CXO

6 tips to help your organization find potential employees

Promote open positions, convey your organization's culture, and streamline the hiring process with these six tactics and Google tools.

Illustration in style of Google Jobs results, that shows "Employees for your organization" with two-word summaries of each of the six points in the article circled below
Image: Andy Wolber

Some organizations rely on dedicated professionals—executive search firms, recruiters, human resources staff, or talent scouts—to handle the hiring process. Search professionals may work with you to clarify your organization's needs, define the necessary skills, craft a compelling job description, promote the position, connect you with candidates, or help you negotiate an employment agreement.

But in many enterprises, hiring remains a part-time task. The following six tactics and tools may help your organization more efficiently find people to fill open positions.

1. Post to a consistent place with Google Domains

Give job seekers a single link to available jobs that they can bookmark, favorite, or save. For example, a page, such as exampleorganization.com/jobs, or a third-level domain, such as jobs.exampleorganization.com. Your CMS will likely let you create a "jobs" page within your website. You might then forward the jobs.exampleorganization.com domain to the jobs page on your website.

To do this within Google Domains, look at the list of your domains, select the icon in the row of your domain below the DNS column, scroll to the "Synthetic records" section, put jobs in the field with "Subdomain" in it, then paste the link to your jobs page into the area with "Destination URL" in it, select the "Permanent redirect" button, then select "Add."

Or you could forward to an external, third-party job listing service or site where you post open positions.

Screenshot of Synthetic record section of Google Domains page that shows filled in "jobs" subdomain redirect to a website page.

Google Domains shows how you might create a permanent redirect of a third-level domain, such as jobs.exampleorganization.com to a jobs page on your website.

2. Support search in Google Jobs

Type the term "jobs" in a Google search and you'll see a list of open positions, along with a few options a job-seeker may select to narrow your search. The displayed options at jobs.google.com rely on data associated with open positions, such as whether a position is full or part time, pay range, location, type of job, and so on.

If you use a listing service that supports Google Jobs, positions you've posted should appear within a Google Jobs search automatically. You may also follow the developer guidelines to add meta-data to the page for the job description on your website. A plug-in, such as the Jobs for WordPress plugin by BlueGlass, helps you capture the correct descriptive data for jobs on a WordPress site.

Screenshot that lists 3 columns (schema property, type, and description) with about 20 items related to job metadata (e.g., baseSalary, datePosted, industry, etc.)

Use the JobPosting schema as a guide when you create job description forms and processes. The items shown allow people to filter opportunities shown on job sites.

3. Share to your internal/external networks

Share the job opening link to internal networks such as Google+, Slack, Hangouts Chat, or Microsoft Teams, and to external networks such as Facebook, Twitter, and LinkedIn. A "Come join me" post shared by a current employee to their networks can help raise awareness of opportunities.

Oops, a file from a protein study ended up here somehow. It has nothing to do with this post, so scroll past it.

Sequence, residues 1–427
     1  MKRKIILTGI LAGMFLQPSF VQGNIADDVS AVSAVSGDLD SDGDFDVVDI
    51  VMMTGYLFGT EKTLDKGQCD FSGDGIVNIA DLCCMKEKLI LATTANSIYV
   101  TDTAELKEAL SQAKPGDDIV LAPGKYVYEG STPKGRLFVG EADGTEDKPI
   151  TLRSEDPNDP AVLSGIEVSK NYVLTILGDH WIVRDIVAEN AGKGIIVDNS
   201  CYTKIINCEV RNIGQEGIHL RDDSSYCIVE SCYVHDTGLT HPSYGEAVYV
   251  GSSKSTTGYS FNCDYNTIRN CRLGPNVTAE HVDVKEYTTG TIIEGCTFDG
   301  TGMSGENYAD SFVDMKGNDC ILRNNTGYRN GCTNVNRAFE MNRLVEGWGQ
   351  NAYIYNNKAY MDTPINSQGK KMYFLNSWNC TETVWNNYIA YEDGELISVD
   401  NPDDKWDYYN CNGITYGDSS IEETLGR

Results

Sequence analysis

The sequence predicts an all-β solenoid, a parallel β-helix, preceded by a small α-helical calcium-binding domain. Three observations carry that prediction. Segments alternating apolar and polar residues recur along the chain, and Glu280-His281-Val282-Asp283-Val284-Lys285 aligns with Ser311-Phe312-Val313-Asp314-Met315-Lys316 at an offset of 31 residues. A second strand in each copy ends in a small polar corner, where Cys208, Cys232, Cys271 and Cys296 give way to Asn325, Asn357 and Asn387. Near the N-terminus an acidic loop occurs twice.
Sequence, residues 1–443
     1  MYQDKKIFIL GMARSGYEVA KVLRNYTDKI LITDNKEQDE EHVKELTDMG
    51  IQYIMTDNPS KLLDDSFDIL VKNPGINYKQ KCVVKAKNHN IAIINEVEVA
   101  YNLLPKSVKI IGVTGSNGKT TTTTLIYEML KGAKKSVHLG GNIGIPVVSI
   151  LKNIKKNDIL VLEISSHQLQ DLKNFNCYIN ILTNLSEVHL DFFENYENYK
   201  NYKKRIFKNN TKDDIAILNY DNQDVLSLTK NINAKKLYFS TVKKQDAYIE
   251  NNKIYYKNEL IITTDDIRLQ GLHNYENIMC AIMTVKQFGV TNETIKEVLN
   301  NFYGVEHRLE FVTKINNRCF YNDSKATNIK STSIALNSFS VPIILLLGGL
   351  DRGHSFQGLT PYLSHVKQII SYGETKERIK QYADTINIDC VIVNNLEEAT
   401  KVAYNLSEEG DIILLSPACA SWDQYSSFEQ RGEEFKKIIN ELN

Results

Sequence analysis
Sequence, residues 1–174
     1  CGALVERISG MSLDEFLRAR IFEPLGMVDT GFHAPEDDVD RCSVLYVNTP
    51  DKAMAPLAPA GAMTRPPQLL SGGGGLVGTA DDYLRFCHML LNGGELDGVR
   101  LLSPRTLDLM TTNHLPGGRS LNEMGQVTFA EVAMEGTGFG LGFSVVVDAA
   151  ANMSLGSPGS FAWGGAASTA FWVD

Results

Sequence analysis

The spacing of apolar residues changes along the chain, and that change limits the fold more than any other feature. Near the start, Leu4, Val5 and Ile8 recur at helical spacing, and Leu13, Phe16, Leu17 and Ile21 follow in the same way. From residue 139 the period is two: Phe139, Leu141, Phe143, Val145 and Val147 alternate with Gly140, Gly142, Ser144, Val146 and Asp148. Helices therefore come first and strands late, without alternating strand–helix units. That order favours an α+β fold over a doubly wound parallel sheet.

4. Track traffic with Google Analytics

Connect Google Analytics to your website then watch how people arrive on your jobs page, and which pages people view after they explore an opportunity. If lots of people view your organization's history and leadership team and then leave, that's a sign you need to fix tip number five.

5. Convey company culture

Take a look at your staff and board leadership web pages. What does the page convey about your organization? Some organizations provide lists with names and positions. Other organizations add biographic profiles, photos, and contact information. Some staff pages even include links to presentations, code, projects, posts and articles to give prospective employees a window into each individual's public personality.

Videos that show people in your organization may also help a candidate grasp your organization's culture. While professionally produced videos accurately represent some companies, individually captured smartphone conversations or presentations offer an alternative approach. For example, see the "Working at Automattic" videos on YouTube from the folks behind WordPress.

6. Streamline selection with Google Hire

Finally, if you have a significant number of positions available, consider subscribing to software that can help with the hiring process. Google Hire does this for organizations that use G Suite. Many other alternatives, such as Zoho Recruit, BambooHR, or recruiterbox also help with applicant tracking processes and can be found in the G Suite Marketplace.

Even if your organization lacks a full-time hiring professional, the above tactics will help improve your company's ability to promote openings and convey the personalities of people already on your team.

What additional tactics help your organization find potential employees? Let me know in the comments or on Twitter (@awolber).

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About Andy Wolber

Andy Wolber helps people understand and leverage technology for social impact. He resides in Ann Arbor, MI with his wife, Liz, and daughter, Katie.

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